Saildrone to Perform Alaska Pollock Survey Amid COVID-19 Lockdown
With upcoming ship-based surveys in Alaska canceled due to the global health crisis, NOAA Fisheries has turned to Saildrone to collect data to support the sustainable management of America’s largest fishery.
The Alaska pollock fishery in the eastern Bering Sea is the largest commercial fishery in the US by volume. Landings in recent years have totaled some 1.2 billion kilograms (2.6 billion pounds)—a value of around $1.4 billion dollars. Sustainable management of the fishery requires scientific, fisheries-independent surveys to set appropriate fishing quotas. NOAA Fisheries traditionally uses research vessels and chartered fishing vessels to perform fisheries surveys, but due to the COVID-19 pandemic, this summer’s ship-based surveys in the region have been canceled. Instead, three Saildrone unmanned surface vehicles (USVs) deployed from Alameda, CA, are sailing to the Bering Sea to perform this important task.
“Extraordinary times require extraordinary measures,” said Alex De Robertis, a fisheries biologist at NOAA Fisheries and project lead for the Alaska Fisheries Science Center (AFSC). “We knew there was a possibility that surveys may be canceled this year, so we worked on a contingency plan to collect some data just in case. We were able to capitalize on our previous experience working closely with Saildrone and NOAA Research’s Pacific Marine Environmental Laboratory (PMEL) to get things off the ground quickly.”
Saildrone USVs operating in the Arctic are typically launched out of Dutch Harbor, AK. Due to current travel restrictions, the AFSC saildrones were launched from Saildrone HQ in mid-May for the six-week transit to the Bering Sea.
“Saildrones are designed to be deployed from any dock, sail to any location in the ocean, and complete their data-gathering missions without putting humans at risk. This makes Saildrone technology ideally suited to these tough times,” said Saildrone CEO Richard Jenkins. “We’re proud to be able to contribute to this important mission.”
The three saildrones were deployed just nine days after the last-minute contract was signed. “Saildrone was amazingly responsive and got this off the ground very quickly, for which we are grateful,” said De Robertis.
The saildrones are expected to reach the Bering Sea in early July to begin the 60-day acoustic survey. Each vehicle will cover a third of the total survey area normally covered by research vessels. They are equipped with Simrad EK80 high-precision split-beam echo sounders, known colloquially as fish-finders, which send pulses of sound through the water and measure the acoustic backscatter (sound waves reflected from fish in the water). The saildrones will make repeated measurements while moving through the water; the data will be used to map fish abundance and estimate overall fish populations.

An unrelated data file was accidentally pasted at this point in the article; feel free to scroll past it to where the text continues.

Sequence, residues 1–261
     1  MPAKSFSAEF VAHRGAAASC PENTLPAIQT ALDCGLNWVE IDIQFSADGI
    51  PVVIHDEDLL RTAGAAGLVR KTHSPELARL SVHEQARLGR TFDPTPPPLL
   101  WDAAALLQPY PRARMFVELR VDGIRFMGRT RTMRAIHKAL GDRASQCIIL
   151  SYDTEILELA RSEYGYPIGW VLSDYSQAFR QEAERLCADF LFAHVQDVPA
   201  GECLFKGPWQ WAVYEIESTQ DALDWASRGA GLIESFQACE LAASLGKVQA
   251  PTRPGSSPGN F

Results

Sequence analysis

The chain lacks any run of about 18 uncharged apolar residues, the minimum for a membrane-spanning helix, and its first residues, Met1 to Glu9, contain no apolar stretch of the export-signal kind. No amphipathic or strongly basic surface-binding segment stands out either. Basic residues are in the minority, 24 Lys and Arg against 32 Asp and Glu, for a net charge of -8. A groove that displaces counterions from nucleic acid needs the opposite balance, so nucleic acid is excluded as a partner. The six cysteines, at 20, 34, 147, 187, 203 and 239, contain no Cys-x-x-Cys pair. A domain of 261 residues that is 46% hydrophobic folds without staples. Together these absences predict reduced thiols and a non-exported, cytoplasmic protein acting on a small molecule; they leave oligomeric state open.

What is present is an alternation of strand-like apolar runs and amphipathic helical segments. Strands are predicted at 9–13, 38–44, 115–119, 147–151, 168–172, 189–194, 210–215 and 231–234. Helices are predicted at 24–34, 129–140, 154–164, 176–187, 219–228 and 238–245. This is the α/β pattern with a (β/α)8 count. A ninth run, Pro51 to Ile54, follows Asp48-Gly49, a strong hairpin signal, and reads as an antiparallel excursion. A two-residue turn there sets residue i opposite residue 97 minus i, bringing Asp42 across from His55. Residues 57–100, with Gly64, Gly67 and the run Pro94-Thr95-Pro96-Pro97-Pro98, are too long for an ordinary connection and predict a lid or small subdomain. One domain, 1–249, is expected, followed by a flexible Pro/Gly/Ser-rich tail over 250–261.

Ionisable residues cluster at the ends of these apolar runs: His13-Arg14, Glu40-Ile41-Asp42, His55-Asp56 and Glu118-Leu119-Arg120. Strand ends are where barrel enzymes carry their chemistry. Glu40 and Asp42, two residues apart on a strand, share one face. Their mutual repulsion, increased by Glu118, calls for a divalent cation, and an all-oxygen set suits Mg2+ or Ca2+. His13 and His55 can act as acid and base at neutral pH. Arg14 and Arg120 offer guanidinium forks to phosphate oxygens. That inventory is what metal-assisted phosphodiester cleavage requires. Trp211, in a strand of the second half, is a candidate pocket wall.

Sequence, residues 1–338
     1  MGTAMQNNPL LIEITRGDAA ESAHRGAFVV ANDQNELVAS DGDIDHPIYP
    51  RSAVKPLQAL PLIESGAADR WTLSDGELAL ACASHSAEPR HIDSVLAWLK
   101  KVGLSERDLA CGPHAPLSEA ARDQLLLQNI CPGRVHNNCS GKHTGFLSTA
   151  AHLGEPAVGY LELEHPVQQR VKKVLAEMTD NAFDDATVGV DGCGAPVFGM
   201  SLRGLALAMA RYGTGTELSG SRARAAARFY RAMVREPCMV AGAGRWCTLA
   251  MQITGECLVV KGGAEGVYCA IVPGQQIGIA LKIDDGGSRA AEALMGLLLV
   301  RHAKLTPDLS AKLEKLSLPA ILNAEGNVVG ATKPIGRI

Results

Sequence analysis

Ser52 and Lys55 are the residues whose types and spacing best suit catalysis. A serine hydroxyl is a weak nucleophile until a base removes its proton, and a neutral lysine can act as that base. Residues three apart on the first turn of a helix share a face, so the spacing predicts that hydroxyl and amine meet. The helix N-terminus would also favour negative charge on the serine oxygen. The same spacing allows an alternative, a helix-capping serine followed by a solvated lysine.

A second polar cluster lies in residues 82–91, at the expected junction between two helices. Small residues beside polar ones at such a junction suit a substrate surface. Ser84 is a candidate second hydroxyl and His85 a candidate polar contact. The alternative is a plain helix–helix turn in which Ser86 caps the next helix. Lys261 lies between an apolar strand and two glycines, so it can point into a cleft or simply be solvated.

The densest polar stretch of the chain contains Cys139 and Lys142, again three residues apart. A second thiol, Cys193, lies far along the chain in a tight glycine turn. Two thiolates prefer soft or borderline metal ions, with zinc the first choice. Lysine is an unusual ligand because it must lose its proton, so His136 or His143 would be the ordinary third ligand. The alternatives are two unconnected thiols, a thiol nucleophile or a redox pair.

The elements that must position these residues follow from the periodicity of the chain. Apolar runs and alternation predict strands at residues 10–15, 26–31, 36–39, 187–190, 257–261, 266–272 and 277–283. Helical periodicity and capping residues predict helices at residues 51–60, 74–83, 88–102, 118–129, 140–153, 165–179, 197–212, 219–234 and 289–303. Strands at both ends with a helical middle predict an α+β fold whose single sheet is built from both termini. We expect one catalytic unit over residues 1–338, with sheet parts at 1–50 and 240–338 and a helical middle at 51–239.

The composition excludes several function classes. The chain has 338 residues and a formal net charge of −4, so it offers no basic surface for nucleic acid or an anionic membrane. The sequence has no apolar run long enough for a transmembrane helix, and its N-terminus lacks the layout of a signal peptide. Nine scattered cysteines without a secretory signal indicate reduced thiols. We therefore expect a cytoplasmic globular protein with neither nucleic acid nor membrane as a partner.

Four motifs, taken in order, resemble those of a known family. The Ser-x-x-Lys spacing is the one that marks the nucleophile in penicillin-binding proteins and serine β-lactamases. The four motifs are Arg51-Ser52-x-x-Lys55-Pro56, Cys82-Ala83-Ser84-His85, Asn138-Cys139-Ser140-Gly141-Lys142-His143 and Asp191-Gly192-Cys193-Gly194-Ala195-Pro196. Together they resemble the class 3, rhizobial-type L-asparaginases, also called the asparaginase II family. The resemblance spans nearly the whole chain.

A research vessel would also normally use trawls to catch a sample of fish to confirm species as well as the weight, length, and sex of individuals. While this is not possible to do with a saildrone, De Robertis explained that in the survey area in the Bering Sea, pollock are by far the dominant midwater fish: “We are confident of getting a useful measure of pollock abundance from the echo sounder, even if we can’t directly sample fish. Acoustic-only measurements from ships are already used to inform fisheries management, and we plan to do the same thing with the saildrones.”
Saildrone USVs also carry a standard suite of science-grade instruments to collect oceanographic and meteorological data above and below the sea surface including air, sea, and skin temperature, wind speed and direction, relative humidity, barometric pressure, photosynthetically active radiation, salinity, dissolved oxygen, chlorophyll, and wave height and period. While the Alaska pollock survey helps to sustainably manage resources, information about the ocean ecosystem in this productive region can help to improve climate and weather models.
“We will make data available to weather forecast centers worldwide via the World Meteorological Organization's Global Telecommunication System (GTS) so that the observations can be incorporated into weather predictions,” said Eugene Burger, associate director for information and technology at NOAA’s Pacific Marine Environmental Laboratory.
The use of saildrones to complete the biennial pollock survey supports NOAA’s broader strategy to expand the agency’s application of emerging science and technology including autonomous vehicles and artificial intelligence to advance ocean research and grow America’s blue economy.
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